Azusa has always been my home. The more I get involved in my community, the more I realize how caring and genuine my neighbors are. One of my favorite childhood memories in Azusa is my old neighbor inviting all of the kids on our block to her house to have “painting class”. She volunteered her time and provided all the supplies, so we had something safe and productive to do after school and during the summer. I cannot remember a time when this neighbor was not giving of herself to every family on our block. When she was not teaching us to paint, she was sitting on her lawn chair outside of her house watching over us kids while we played.
Having someone who was so invested in her neighbors was the best example of true community I have ever experienced. It is important to create safe, genuine spaces like this within our city for children so they learn how important they are to our community. The more familiar we are with those who live around us, the deeper our connection will be to one another. Neighbors like that exist all over our city, we just have to take the time to find them and begin developing these types of relationships.
This body, believe it or not, hasn't always had brown pride running through its veins.
And I’m not going to lie this body didn't always walk around thinking ¡Viva México!
This body has not always desired to walk the same streets as sus abuelos en Guadalajara
Because this body did not always know who or what it belonged to,
But it now knows that it belongs to la historia de su familia.
When I look in the mirror I see this body painted red.
Rojo como chiles, como menudo, como tomates.
I see green.
Verde como aguacates, como guacamole, como limon y cilantro.
I see white.
Blanco como arroz con leche, como avena.
When I look in the mirror I see that I am red, white, and green.
I am the colors of my flag.
Soy los colores de mi bandera.
This body understands that when other people look at it they only see the color brown.
Color cafe como frijoles como el mole de mi abuela.
This body, my body, wishes other bodies were color blind so my body could be color blind
And then maybe we could all put color to the side and finally leave it there.
This body is not always sure whether to use ser o estar.
Por or para.
This body has never known how to correctly speak in the past tense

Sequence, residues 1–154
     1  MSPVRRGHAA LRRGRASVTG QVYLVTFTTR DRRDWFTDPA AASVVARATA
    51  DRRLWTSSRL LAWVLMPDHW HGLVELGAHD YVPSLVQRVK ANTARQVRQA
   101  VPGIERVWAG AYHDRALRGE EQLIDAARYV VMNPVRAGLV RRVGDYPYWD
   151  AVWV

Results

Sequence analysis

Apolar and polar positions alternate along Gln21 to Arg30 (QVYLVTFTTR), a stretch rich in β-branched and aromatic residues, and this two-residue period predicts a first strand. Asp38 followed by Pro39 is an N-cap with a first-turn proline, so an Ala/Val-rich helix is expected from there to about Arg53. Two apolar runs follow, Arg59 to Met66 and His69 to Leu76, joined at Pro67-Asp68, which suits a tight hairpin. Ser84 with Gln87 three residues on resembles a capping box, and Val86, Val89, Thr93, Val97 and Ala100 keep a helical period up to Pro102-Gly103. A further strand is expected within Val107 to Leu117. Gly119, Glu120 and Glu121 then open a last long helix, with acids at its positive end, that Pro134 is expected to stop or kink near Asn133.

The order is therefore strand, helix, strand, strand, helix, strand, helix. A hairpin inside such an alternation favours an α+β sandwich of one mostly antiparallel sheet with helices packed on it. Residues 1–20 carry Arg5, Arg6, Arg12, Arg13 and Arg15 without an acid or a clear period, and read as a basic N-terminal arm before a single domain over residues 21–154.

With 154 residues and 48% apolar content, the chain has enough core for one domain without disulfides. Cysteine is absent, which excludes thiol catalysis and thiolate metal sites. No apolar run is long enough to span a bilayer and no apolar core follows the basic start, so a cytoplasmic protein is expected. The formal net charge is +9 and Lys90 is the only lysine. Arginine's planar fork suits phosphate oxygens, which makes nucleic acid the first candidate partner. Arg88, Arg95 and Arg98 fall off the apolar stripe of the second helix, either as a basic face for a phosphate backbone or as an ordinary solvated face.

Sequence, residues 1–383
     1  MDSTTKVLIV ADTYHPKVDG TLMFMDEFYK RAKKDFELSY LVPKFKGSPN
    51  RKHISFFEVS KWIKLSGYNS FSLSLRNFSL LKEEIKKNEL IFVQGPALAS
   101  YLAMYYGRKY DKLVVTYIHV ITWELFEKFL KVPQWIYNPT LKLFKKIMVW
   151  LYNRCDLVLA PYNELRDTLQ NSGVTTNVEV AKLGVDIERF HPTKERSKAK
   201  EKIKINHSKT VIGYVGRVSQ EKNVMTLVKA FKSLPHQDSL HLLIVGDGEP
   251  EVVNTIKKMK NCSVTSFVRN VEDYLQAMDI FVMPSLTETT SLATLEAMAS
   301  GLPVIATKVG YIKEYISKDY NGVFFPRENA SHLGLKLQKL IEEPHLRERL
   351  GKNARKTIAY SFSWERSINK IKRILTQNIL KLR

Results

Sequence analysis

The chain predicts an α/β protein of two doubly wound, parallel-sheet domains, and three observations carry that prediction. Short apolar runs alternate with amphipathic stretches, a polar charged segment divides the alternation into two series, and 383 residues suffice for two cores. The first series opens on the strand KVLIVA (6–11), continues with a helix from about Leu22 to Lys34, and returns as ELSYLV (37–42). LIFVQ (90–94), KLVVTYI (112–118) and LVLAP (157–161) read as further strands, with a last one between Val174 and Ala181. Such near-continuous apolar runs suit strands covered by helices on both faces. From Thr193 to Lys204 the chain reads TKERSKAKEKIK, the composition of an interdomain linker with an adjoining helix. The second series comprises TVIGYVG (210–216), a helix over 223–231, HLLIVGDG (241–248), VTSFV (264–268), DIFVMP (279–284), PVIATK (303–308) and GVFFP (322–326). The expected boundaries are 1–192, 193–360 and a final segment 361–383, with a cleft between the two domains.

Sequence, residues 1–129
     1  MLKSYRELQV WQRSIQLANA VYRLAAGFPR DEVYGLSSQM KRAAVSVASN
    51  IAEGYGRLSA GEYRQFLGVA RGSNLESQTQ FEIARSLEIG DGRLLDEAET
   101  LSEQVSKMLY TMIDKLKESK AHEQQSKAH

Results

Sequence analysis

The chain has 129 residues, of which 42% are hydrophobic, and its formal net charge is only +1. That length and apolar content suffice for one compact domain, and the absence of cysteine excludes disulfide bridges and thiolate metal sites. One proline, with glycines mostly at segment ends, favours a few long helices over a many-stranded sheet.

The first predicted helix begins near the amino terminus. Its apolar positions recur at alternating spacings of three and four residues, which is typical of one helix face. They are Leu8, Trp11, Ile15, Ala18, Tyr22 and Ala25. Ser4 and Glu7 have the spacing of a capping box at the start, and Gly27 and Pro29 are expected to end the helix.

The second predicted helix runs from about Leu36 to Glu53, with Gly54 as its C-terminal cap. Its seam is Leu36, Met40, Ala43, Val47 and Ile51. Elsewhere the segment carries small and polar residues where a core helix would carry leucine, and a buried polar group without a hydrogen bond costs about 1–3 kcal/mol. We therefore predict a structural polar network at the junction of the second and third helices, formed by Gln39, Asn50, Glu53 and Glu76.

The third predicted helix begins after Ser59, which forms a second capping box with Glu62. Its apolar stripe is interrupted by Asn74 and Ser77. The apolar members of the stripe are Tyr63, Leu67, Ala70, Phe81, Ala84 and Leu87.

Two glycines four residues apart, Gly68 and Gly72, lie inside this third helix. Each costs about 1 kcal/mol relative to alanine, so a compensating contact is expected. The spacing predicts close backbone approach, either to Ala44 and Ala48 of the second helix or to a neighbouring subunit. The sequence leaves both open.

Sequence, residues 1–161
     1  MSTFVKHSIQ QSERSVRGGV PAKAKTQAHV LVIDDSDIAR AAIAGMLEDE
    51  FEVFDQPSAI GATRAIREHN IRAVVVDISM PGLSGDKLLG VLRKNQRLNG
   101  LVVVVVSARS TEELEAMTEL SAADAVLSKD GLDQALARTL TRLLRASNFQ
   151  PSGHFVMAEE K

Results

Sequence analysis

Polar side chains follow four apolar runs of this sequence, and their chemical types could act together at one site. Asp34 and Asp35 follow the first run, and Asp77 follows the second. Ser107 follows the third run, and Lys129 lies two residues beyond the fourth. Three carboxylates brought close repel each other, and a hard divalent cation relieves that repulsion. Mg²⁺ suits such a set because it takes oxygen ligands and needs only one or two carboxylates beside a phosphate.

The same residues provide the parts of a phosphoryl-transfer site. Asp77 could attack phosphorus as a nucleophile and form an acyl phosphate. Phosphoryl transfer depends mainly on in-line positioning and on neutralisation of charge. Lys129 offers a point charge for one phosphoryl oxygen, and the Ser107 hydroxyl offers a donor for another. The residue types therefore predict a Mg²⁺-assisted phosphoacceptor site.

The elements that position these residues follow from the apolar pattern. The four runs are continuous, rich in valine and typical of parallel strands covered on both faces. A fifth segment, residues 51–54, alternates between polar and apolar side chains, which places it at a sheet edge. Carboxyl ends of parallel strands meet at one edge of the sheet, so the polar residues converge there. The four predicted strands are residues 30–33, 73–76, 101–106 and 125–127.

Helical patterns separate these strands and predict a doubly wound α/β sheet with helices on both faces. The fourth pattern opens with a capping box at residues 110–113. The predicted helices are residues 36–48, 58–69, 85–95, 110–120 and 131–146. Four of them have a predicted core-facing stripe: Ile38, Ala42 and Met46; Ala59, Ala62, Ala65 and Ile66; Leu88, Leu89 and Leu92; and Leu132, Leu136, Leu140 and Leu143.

Porque este cuerpo esta demasiado ocupado viviendo lo presente.
This body has found its voice.
Este cuerpo ha encontrado su voz.
With its voice this body practices its grito Mexicano.
This body comes alive to the sounds of mariachis and bidi bidi bom bom.
It answers to both its first language y su segunda.
This body may walk and talk the American way,
But it still daydreams of time spent across its neighbor’s borders.
Este cuerpo es fuerte y duro, hermoso y elegante, educado y humano.
Este cuerpo es igual.
Este cuerpo es tratando y aprendiendo y viviendo.
Este cuerpo es Mexicano.
This body is strong and tough,
Beautiful and elegant,
Educated and human.
This body is equal.
This body is trying and learning and living.
This body is Mexican.
This body consumes the American culture,
But it refuses to settle for the-store-bought-tv-taught-lazy-border-jumping-
job-stealing-tax-dodging-unwanted-alien version of its Hispanic culture.
When this body thinks of its culture it thinks trabajador
Como sus abuelos en los campos de Chula Vista, San Diego.
It thinks of all of the people who have crossed that border,
Who are crossing that border,
Who will cross that border.
It thinks of all of the people who never made it across.
It thinks of the people who can never go back.
When this body thinks of its culture it thinks of open doors,
It thinks mi casa es su casa,
It thinks un abrazo,
It thinks home.
When I think of my culture I think of my body.
Este cuerpo es mi cuerpo.
This body is my body.